Table 1. Baseline variables in the symptomatic OA hand group and control group*
 OA (n = 36)Controls (n = 19)P
  • *

    Values are the median (interquartile range) or mean ± SD unless otherwise indicated. OA = osteoarthritis; VAS = visual analog scale; NA = not assessed; AUSCAN = Australian/Canadian Osteoarthritis Hand Index; JSN = joint space narrowing; GS = gray scale.

  • Mann-Whitney U test (not corrected for ties).

  • Pearson's chi-square.

  • §

    Student's t-test.

  • Significant values; Mann-Whitney U test (not corrected for ties).

Age, years58 (53.2–66.5)58 (51–71)0.838
Female sex, no. (%)31 (86.1)13 (68.4)0.119
Years of education11.8 ± 3.311.4 ± 4.00.68§
Most painful VAS76.5 (46.25–91.5)NANA
Pain VAS65 (41.0–83.0)2.5 (1.75–9.5)< 0.001
Global VAS65.5 (45.0–84.25)2.0 (0.75–9.5)< 0.001
AUSCAN pain299.0 (199.0–354.25)59.0 (10.5–139.5)< 0.001
AUSCAN stiffness61.0 (32.0–80.75)10.0 (2.0–31.25)< 0.001
AUSCAN function523.0 (433.25–713.75)90.0 (19.75–216.2)< 0.001
Painful joint count8.0 ± 6.63.1 ± 4.60.008§
Tender joint count5.47 ± 5.41.6 ± 3.80.011§
No. of joints in an individual with osteophytes11.5 (7.25–17.0)6.0 (3.0–15.0)0.073
No. of joints in an individual with JSN11.5 (7.0–17.0)7.0 (2.0–12.0)0.014
No. of joints in an individual with synovitis (GS)12.0 (10.0–18.75)11.0 (3.0–15.0)0.092
No. of joints in an individual with power Doppler signal1.5 (0.0–3.0)0 (0.0–3.0)0.02

The intrareader reliability for the presence of US-detected osteophytosis at a joint was almost perfect with a κ value of 0.83 (percentage exact agreement [PEA] 91.8%), for the presence of US-detected joint space narrowing was substantial with a κ of 0.64 (PEA 82.2%), for semiquantitative synovitis (GS) was substantial with a κw of 0.62 (PEA 54.0%, percentage close agreement [PCA] 90.0%), and for semiquantitative PDS was almost perfect with a κw of 0.87 (PEA 92.0%, PCA 98.0%). We have previously published the construct validity of US in detecting joint space narrowing, and discussed the difficulties in accurately measuring joint space narrowing with current US technology in OA of the small joints of the hands (13).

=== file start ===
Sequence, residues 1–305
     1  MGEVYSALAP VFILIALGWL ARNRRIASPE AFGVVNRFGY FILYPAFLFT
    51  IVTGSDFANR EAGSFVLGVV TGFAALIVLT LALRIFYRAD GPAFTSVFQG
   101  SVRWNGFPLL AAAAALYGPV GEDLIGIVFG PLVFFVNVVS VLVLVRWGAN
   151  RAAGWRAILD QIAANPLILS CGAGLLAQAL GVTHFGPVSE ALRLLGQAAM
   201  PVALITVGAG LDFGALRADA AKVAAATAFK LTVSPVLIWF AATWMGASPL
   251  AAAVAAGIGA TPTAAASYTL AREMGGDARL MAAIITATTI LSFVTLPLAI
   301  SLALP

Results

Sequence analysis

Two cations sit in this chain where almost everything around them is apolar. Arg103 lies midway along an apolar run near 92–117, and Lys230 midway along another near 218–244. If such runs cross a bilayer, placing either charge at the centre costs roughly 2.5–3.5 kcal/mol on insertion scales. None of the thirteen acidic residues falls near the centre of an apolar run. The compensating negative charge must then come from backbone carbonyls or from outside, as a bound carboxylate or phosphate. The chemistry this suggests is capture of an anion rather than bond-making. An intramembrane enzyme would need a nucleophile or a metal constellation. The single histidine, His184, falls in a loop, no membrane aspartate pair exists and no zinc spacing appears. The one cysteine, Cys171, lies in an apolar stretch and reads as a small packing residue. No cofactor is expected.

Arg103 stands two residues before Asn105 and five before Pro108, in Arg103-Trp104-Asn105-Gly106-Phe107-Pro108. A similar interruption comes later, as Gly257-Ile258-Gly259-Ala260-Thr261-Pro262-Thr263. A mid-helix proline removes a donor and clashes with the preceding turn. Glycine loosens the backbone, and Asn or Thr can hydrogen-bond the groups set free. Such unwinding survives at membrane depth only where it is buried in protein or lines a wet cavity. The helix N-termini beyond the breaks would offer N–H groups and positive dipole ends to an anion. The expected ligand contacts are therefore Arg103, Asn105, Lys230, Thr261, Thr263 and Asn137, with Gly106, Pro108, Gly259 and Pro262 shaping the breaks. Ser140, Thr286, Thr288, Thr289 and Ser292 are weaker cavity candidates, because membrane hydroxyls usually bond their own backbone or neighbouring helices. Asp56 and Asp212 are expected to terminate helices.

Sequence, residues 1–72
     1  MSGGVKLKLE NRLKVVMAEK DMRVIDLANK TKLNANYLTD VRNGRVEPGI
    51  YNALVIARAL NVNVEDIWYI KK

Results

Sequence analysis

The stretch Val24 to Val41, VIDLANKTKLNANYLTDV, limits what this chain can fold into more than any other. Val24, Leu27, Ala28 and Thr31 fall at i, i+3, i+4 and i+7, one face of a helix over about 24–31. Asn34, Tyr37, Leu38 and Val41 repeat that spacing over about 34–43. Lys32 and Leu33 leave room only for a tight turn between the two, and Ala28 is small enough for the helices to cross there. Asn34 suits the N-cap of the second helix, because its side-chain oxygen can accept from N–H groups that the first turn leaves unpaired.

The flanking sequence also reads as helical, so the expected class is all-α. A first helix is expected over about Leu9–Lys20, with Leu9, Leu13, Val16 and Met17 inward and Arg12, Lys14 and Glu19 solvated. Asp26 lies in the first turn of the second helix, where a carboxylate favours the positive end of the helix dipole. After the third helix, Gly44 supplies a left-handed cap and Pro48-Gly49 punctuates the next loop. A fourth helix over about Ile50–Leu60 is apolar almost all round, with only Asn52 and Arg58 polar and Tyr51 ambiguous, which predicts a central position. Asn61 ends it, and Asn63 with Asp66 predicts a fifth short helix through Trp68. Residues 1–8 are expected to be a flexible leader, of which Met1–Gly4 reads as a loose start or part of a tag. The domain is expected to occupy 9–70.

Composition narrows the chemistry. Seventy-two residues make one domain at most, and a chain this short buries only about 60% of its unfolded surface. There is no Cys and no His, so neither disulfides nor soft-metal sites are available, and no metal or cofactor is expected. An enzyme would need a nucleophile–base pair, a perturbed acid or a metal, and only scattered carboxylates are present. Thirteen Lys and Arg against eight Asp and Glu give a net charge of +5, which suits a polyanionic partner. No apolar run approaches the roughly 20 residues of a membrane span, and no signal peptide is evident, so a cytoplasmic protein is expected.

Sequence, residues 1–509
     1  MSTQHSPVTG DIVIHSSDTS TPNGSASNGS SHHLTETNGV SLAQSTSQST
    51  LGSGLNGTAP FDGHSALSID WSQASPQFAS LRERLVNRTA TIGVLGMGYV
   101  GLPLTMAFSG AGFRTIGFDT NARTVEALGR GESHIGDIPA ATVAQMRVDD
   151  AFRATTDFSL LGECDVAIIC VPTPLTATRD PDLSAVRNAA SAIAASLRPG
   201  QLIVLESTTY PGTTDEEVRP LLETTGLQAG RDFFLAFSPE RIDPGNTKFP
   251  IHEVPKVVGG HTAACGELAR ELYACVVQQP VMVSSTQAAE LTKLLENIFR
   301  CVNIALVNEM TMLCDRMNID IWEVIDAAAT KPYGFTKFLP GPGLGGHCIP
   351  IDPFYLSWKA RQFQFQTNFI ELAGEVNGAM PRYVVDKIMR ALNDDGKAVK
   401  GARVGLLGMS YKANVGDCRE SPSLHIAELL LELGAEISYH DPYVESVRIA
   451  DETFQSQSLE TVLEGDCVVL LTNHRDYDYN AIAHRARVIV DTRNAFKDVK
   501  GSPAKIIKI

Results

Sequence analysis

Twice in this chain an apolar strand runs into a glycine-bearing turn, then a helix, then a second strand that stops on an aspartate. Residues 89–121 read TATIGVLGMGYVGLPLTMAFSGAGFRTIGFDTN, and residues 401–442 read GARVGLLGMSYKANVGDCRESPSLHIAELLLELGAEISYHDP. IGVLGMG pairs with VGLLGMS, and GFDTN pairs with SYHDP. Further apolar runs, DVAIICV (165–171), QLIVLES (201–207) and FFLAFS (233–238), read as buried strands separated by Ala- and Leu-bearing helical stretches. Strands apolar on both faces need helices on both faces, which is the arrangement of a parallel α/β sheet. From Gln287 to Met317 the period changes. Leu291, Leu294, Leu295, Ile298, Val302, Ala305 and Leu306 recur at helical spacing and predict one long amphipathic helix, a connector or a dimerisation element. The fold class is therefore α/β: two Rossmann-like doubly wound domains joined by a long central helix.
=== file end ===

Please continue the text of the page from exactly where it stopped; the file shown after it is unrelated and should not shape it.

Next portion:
Distribution of US-detected pathology in the SOA group.

US-detected pathology was common. The number of joints in an individual with US-detected pathology is presented in Table 1. The distribution of US-detected pathology is presented by joint in Table 2.

Table 2. The distribution of ultrasound-detected pathology by joint*
 DIPPIPMCPCMCTotal% of total
543254321543211
  • *

    DIP = distal interphalangeal joint; PIP = proximal interphalangeal joint; MCP = metacarpophalangeal joint; CMC = carpometacarpal joint; SOA = subjects with symptomatic hand osteoarthritis; GS = gray scale; JSN = joint space narrowing.

Left                 
 No. of joints imaged                 
  SOA363636363636363636363636363636540100
  Control191919191919191919191919191919285100
 No. of joints with synovitis (GS)                 
  SOA20232824211317152148712152325146.4
  Control7687544386558768932.9
 No. of joints with power  Doppler synovitis                 
  SOA013612420000328325.9
  Control00000010001101262.2
 No. of joints with JSN                 
  SOA291725231311141614000362819936.8
  Control136109455660001197527.8
 No. of joints with osteophytes                 
  SOA231926261713151920012562221439.6
  Control126810465581014378029.6
Right                 
 No. of joints imaged                 
  SOA353636353636363536363636363636537100
  Control191919191919191919191919191919285100
 No. of joints with synovitis (GS)                 
  SOA152023221614161423910814132624345.2
  Control667968771036798610538.9
 No. of joints with power  Doppler synovitis                 
  SOA111634342006307417.6
  Control011300110001211124.4
 No. of joints with JSN                 
  SOA232530301817151519103363223744.1